Syrian sources confirm death of Assad confidential aide and his nuclear link

Damascus Sunday broke its silence about the mysterious assassination of Gen. Muhammad Suleiman in Tartus early Saturday, Aug. 2 and confirmed debkafile‘s disclosure that the general played an important role in administering the al Kibar plutonium reactor. Officials in Damascus leaked to Middle East media that Suleiman was a member of the Syrian Research Commission, the government body in charge of missile, chemical and biological weapons and nuclear development.
They said he had met the team of nuclear watchdog monitors, headed by Olli Heinonen, which visited Syria in late June to check out US and Israeli charges that Syria had been building a plutonium reactor at al Kibar.
Those sources also stressed his murder was unrelated to the 2005 assassination of Lebanese ex-prime minister Rafiq Hariri in Beirut, or any internal rivalries in the ruling regime in Damascus.
debkafile reported earlier:
Gen. Muhammad Suleiman was a shadowy figure who acted for Bashar Assad in the regime’s four most sensitive and confidential spheres:
1. He was the president’s liaison man with the North Korean government. On his frequent trips to Pyongyang, Gen. Suleiman organized the consignment of components for the plutonium reactor in northern Syria, which Israeli demolished last September, and the security of the North Korean scientists and technicians who accompanied them.
2. Muhammad Suleiman was also the president’s private channel of communication with Iranian military and intelligence chiefs; in this capacity, he most probably facilitated the Syrian-Iranian-North Korean connection. The Syrian reactor was designed to produce nuclear fuel for the Iranian program and radioactive weapons for Syria.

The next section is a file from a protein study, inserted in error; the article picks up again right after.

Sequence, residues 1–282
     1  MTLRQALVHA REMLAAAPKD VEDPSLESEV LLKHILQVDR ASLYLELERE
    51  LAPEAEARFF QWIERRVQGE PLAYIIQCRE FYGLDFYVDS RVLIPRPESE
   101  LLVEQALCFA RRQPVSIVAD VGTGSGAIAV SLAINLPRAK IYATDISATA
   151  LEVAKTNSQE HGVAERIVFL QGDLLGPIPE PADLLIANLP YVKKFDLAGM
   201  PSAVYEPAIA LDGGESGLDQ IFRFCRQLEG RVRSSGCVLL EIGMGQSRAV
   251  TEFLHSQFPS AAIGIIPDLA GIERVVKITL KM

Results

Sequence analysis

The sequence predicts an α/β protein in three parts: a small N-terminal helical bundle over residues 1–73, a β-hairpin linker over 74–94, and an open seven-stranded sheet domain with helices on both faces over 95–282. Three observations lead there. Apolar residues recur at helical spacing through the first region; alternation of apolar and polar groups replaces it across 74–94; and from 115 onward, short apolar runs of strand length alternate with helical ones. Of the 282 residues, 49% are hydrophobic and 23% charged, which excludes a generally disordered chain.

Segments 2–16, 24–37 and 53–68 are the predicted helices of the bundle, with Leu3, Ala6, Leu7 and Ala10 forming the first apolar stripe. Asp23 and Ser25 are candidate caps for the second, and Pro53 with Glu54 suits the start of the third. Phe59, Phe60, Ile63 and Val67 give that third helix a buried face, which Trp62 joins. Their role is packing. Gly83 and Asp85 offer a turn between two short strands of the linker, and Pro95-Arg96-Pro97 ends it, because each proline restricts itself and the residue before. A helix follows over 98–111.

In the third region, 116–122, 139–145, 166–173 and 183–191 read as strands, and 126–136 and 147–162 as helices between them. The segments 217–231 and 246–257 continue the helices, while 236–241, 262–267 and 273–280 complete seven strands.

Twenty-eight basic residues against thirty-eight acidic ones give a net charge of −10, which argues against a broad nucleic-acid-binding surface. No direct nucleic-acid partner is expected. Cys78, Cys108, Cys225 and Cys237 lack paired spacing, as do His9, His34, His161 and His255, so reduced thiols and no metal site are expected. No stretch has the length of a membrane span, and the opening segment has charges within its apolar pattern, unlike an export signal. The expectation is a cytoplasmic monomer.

3. The late general also acted as the president’s contact man with Hizballah’s leaders. He worked directly with Imad Mughniyeh, head of Hizballah’s security apparatus, who was killed in Damascus last February.
4. His key function was the management of Assad’s personal interaction with the Syrian chief of staff, generals and heads of military intelligence. There was no state secret from the powerful general. He was to have accompanied the Syrian president on his state visit to Tehran Saturday; instead he was laid to rest in his home village of Driekesh in the north.
Damascus has done its utmost to keep the general’s death under wraps, but word has spread and theories abound: Speculation ranges from an outside hand, or a jealous rival to an internal element who felt the concentration of so much power in one hand was a threat to the regime.

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